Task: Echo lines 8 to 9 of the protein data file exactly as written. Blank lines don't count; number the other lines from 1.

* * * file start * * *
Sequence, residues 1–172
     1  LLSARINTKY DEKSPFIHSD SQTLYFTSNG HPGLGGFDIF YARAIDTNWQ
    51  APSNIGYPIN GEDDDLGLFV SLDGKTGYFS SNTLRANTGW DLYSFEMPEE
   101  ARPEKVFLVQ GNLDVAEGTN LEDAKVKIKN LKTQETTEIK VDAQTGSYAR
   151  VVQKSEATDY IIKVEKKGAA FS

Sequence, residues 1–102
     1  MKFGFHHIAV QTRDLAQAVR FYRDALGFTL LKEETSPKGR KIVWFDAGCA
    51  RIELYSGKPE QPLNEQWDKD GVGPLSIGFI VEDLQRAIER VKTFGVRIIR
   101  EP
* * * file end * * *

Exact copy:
    51  RIELYSGKPE QPLNEQWDKD GVGPLSIGFI VEDLQRAIER VKTFGVRIIR
   101  EP